Matthew Griffin, described as “The Adviser behind the Advisers” and a “Young Kurzweil,” is the founder and CEO of the World Futures Forum and the 311 Institute, a global Futures and Deep Futures consultancy working between the dates of 2020 to 2070, and is an award winning futurist, and author of “Codex of the Future” series. Regularly featured in the global media, including AP, BBC, Bloomberg, CNBC, Discovery, RT, Viacom, and WIRED, Matthew’s ability to identify, track, and explain the impacts of hundreds of revolutionary emerging technologies on global culture, industry and society, is unparalleled. Recognised for the past six years as one of the world’s foremost futurists, innovation and strategy experts Matthew is an international speaker who helps governments, investors, multi-nationals and regulators around the world envision, build and lead an inclusive, sustainable future. A rare talent Matthew’s recent work includes mentoring Lunar XPrize teams, re-envisioning global education and training with the G20, and helping the world’s largest organisations envision and ideate the future of their products and services, industries, and countries. Matthew's clients include three Prime Ministers and several governments, including the G7, Accenture, Aon, Bain & Co, BCG, Credit Suisse, Dell EMC, Dentons, Deloitte, E&Y, GEMS, Huawei, JPMorgan Chase, KPMG, Lego, McKinsey, PWC, Qualcomm, SAP, Samsung, Sopra Steria, T-Mobile, and many more.
WHY THIS MATTERS IN BRIEF
They’re finally here, now we’re just waiting for the laser guns.
The US Army have announced that they are going to be going all in on laser and direct energy weapons and that they will be rolling them out to all of their Forward Operating Bases (FOBs) and fitting them onto their armoured Stryker personel carriers first. The announcement comes in the wake of an increasing variety of attacks, via and increasing number of platforms – such as drones, mortars and artillery – on US troops, and as tensions, and competition for military supremacy, rise with countries such as China and Russia.
The Army and General Dynamics Land Systems are developing a Stryker mounted laser weapon aimed at better arming the vehicle to incinerate enemy drones or threatening ground targets. The concept vehicles are being engineered and tested at the Army’s Ft. Sill artillery headquarters as a way to quickly develop the weapon for operational service. During a test in April, the laser weapons successful shot down 21 out of 23 enemy drone targets and the program is the first time that a laser weapon has ever been integrated into a combat vehicle.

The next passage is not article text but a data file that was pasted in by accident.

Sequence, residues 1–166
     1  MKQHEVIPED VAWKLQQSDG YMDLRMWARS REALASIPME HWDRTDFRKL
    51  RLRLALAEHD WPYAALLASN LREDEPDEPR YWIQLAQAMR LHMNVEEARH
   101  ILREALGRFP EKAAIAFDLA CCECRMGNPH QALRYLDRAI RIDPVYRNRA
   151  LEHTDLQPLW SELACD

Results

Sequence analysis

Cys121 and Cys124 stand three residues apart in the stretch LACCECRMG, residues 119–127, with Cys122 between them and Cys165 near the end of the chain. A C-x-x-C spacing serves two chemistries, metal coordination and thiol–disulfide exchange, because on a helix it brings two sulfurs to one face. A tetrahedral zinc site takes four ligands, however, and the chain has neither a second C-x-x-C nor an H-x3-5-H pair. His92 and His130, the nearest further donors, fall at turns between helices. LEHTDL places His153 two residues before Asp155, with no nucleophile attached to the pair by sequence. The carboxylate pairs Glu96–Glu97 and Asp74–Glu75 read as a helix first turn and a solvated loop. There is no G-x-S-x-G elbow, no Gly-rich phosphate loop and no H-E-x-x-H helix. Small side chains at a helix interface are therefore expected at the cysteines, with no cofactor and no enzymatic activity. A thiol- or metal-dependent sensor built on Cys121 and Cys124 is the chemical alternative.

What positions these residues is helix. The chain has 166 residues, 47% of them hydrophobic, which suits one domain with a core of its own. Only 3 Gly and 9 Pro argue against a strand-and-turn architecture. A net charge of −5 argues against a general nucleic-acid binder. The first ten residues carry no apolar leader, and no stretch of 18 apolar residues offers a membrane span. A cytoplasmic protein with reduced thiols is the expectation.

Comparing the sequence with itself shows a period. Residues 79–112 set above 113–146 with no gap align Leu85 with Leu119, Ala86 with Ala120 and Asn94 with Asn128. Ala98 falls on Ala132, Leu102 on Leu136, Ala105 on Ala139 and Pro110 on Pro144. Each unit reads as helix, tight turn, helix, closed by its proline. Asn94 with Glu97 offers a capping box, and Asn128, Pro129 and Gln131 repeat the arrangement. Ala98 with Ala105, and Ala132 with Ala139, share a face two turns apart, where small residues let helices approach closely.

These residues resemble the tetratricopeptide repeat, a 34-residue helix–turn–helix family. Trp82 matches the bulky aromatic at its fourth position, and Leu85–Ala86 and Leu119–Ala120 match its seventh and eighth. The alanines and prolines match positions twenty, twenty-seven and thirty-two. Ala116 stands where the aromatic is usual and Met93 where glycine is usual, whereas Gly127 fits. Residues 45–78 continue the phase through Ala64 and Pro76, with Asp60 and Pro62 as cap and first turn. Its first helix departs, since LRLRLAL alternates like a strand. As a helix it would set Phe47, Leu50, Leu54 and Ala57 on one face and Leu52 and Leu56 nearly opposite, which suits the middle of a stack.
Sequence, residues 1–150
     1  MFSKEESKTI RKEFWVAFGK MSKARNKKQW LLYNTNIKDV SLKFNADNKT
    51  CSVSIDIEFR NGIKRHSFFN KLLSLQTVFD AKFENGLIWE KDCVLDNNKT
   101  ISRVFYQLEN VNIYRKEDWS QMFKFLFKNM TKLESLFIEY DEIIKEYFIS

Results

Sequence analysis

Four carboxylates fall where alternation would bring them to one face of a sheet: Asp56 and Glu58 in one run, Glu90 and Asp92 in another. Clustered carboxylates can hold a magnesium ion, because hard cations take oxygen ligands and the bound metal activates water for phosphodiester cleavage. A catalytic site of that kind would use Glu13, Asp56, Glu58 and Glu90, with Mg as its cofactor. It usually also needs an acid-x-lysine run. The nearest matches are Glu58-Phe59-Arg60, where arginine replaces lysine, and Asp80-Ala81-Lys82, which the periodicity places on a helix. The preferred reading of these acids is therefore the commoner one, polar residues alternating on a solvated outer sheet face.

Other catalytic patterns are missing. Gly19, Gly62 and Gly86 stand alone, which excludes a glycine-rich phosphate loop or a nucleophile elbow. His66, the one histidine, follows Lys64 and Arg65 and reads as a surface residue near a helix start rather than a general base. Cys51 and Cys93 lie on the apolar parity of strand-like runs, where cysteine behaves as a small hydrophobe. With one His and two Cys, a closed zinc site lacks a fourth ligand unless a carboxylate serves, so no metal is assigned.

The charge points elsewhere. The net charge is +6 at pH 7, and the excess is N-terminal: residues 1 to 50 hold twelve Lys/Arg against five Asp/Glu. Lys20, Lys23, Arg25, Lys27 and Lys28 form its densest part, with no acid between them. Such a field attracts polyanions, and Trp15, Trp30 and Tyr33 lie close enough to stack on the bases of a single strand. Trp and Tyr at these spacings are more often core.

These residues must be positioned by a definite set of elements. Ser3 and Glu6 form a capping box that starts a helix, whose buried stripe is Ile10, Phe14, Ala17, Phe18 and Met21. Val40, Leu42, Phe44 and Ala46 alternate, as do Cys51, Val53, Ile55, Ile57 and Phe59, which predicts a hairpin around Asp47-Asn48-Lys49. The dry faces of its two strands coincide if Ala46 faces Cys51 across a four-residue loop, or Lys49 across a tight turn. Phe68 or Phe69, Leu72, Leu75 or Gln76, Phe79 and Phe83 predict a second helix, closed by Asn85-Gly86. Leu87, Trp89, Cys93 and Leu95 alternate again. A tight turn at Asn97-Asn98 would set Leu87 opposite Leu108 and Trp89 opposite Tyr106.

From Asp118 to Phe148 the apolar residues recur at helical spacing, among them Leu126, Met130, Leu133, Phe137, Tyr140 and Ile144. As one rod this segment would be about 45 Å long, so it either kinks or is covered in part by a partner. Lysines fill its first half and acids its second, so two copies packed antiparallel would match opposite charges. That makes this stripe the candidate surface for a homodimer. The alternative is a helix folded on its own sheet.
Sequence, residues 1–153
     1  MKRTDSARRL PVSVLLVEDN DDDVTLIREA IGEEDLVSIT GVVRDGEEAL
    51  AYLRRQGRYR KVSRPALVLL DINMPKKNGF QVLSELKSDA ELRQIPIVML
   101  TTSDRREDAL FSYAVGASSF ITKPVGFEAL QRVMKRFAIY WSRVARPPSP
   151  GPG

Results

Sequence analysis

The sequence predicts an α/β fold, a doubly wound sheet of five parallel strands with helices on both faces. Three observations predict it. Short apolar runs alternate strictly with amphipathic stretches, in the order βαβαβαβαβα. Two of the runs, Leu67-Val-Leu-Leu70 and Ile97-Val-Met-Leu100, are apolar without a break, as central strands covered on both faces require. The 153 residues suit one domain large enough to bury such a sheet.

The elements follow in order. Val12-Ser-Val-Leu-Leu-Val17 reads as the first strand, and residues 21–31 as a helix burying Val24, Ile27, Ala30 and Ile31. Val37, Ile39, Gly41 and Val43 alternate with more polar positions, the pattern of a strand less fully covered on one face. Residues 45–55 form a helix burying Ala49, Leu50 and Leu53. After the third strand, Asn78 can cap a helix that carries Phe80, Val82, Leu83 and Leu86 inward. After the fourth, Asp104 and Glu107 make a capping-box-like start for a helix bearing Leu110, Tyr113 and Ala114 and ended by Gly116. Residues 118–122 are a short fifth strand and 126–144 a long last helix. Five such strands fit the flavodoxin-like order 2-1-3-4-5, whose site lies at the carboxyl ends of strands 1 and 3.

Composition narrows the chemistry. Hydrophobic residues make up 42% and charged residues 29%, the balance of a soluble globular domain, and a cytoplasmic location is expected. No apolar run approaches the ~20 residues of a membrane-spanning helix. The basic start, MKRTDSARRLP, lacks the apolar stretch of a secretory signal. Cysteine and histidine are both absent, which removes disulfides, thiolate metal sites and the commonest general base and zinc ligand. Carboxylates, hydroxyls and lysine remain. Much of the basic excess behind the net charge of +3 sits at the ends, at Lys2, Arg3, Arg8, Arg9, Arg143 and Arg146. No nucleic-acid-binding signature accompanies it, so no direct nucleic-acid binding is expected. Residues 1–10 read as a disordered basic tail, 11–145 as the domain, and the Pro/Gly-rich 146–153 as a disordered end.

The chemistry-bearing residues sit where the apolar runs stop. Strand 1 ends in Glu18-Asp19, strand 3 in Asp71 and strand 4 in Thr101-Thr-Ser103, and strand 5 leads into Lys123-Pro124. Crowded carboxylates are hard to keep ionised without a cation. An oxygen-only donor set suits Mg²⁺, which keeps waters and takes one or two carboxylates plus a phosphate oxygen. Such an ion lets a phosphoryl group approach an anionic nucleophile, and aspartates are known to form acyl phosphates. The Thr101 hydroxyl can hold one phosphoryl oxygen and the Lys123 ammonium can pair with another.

“The idea is to provide a solution to a capability gap which is an inability to acquire, track and destroy low, slow drones that are proliferating all over the world,” said Tim Reese, director of strategic planning.
The laser, which Reese says could be operational as soon as 11 months from now, will initially be integrated into the Fire Support Vehicle Stryker variant which is designed for target tracking and identification and General Dynamics Land Systems is now working on upgrading the power of the laser from two kilowatts of power to five kilowatts. The laser weapon system uses its own tracking radar to acquire targets in the event that other sensors on the vehicle are disabled in combat and has an electronic warfare jamming system intended to jam the signal of enemy drones. Boeing is responsible for making the fire control technology integrated into the laser weapon and the laser is also integrated with air-defense and field artillery networks.
“The energy of the laser damages, destroys and melts different components of the target,” Reese explained and the Army is now in research and test mode, with a clear interest in rapidly deploying these types of systems into the field. Reese added that GDLS anticipates being able to fire an 18-kilowatt laser from the Stryker by 2018.
One of the biggest challenged with mobile energy weapons is the amount of power they need in order to operate so it isn’t just as simple as fitting them onto a vehicle and getting them combat ready – a problem that even Americas most advanced warship the USN Zumwalt had before it was outrigged with its new 75 megawatt power plant.